Avenue to a golfing career

  • Nation
  • Monday, 17 Jan 2005

KUALA LUMPUR: Golfer Sim You Jin, who has competed in several national golf tournaments, is coached by a former Malaysian PGA champion and can hit balls up to 200m at the driving range – all before his seventh birthday. 

Ever since he picked up golfing from his older brother at the tender age of two, You Jin has fallen in love with the sport, and fervently trains twice a week at Taman Puteri, Cheras, with RGT Technology Sdn Bhd’s director of golf education Tony Maloney. 

With the lack of opportunities for the youngster to pursue a career in golf in the country, father Sim Kong Soon, 45, was pleasantly surprised when he chanced upon the Australian Institute for Golf Management in the inaugural Stargolf pullout last week. 

“For me, education comes first, golf second. And with the institute, I know there is something for my son in terms of a career,” he said during the institute's briefing at the Kuala Lumpur Golf & Country Club here yesterday. 

He was among 100 people present to hear the institute's head of vocational education and training, Judy Tan, explain the various pathways to golf-related careers at the Perth-based tertiary institution, which provides golf management education and technique training to students.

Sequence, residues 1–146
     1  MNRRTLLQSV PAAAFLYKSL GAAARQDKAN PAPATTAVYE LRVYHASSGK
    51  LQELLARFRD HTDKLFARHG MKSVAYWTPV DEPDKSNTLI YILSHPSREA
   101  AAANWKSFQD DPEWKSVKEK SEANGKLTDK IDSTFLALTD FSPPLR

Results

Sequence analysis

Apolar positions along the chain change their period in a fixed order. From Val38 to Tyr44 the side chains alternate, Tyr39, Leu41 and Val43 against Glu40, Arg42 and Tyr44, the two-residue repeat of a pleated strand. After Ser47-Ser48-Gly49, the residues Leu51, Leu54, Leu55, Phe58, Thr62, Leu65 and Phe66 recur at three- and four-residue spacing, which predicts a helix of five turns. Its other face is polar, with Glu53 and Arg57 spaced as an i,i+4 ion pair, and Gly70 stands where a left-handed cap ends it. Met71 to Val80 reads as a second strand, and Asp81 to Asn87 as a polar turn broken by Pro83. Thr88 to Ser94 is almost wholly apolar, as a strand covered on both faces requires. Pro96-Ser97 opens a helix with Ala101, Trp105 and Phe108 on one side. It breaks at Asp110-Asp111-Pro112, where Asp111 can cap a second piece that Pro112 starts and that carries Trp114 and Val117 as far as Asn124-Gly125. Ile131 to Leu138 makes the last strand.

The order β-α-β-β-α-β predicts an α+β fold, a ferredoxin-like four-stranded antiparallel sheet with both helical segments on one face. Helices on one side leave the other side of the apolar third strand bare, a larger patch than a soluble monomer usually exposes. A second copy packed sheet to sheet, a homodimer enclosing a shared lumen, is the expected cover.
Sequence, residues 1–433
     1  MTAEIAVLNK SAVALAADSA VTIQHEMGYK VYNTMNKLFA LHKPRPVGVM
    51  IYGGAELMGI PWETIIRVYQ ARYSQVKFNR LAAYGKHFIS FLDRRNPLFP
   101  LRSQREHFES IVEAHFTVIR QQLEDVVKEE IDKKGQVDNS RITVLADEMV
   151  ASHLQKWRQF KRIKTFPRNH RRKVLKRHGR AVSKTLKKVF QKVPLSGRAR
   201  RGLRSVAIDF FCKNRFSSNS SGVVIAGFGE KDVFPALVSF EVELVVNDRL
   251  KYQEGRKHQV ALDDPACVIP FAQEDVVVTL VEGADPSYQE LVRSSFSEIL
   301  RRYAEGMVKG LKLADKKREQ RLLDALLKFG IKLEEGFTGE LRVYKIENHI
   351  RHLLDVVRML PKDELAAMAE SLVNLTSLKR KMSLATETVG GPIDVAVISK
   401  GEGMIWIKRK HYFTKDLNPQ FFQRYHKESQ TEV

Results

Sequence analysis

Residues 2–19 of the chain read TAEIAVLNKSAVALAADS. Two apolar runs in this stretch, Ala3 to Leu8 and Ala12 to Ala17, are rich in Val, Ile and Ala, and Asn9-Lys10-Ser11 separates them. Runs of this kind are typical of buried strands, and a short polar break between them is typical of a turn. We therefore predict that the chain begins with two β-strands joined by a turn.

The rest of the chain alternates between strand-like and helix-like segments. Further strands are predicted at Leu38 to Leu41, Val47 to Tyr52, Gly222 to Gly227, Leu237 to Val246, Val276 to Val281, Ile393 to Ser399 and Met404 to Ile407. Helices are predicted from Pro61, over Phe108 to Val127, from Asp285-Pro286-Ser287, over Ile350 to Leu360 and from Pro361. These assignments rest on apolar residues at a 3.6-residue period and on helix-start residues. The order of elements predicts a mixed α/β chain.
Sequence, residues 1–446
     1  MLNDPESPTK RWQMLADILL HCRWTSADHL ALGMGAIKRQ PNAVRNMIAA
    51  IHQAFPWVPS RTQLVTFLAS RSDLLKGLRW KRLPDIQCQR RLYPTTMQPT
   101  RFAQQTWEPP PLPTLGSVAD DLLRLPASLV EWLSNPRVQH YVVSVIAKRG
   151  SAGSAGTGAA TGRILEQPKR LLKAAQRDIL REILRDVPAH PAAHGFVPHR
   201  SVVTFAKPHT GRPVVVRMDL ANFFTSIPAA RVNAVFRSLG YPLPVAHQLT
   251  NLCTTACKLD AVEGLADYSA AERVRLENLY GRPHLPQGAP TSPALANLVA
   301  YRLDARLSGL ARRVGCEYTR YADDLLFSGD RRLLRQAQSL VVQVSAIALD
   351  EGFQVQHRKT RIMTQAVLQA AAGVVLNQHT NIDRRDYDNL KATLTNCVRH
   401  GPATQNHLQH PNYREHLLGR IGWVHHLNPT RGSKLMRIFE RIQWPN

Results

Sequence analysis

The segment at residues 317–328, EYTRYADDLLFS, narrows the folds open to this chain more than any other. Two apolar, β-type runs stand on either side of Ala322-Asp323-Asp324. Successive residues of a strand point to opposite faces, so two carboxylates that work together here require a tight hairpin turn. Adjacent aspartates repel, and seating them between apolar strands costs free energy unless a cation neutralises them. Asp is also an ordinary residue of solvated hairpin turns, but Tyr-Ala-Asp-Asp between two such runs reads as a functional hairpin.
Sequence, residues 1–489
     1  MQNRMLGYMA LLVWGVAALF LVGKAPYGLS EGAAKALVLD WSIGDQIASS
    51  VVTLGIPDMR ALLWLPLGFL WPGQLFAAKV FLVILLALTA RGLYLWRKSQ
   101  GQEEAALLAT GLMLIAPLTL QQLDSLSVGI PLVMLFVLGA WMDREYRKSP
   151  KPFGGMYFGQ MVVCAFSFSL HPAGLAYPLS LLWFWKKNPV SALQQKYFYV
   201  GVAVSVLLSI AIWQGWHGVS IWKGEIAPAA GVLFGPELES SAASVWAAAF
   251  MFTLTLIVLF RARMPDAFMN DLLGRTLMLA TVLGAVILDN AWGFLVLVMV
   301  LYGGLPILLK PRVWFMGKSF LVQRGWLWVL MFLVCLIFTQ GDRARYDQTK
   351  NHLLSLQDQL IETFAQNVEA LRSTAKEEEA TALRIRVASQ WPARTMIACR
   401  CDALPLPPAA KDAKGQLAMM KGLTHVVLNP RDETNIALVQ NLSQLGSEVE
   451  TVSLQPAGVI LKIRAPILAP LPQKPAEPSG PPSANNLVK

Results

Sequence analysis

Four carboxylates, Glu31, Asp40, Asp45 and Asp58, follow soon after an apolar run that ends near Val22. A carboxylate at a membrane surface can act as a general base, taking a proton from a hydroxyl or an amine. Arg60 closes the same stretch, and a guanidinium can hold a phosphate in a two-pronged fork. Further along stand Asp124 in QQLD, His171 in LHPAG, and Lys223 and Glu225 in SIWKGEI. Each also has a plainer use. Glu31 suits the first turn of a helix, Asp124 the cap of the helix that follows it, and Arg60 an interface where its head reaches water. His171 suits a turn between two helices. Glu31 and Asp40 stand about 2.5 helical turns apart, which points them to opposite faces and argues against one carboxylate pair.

Also present was a graduate of the institute Ahmad Khalif Mustapha Kamal and resident golf professional Ian Redmond, who gave a free clinic. 

YOUNG TALENT: Redmond giving You Jin some tips during the free golf clinic.

Most parents, who had accompanied their children to find out more about the institute, were grateful it offered an opportunity to combine their children’s passion for the game with rigorous academic training. 

Parents Mohamed Radhi Cheah and Joriah Cheah said the course suited the changing mindset of the younger generation, who they said were starting to place personal fulfilment ahead of money or job security. 

“Youngsters nowadays want to enjoy what they are doing, and not just do things for the sake of their parents,” said Joriah. 

Tan said most graduates found jobs within the golf industry, and used their education to run golf-related businesses or assume managerial positions in golf clubs. 

Redmond said students would get a chance to develop their technique at the Joondalup Country Club, recently voted Australia’s premier resort golf course by Golf Australia Magazine. 

“Students who come to the institute will be placed under a golf improvement programme, which covers the technical, tactical, mental and physical aspects of golfing,” he said. 

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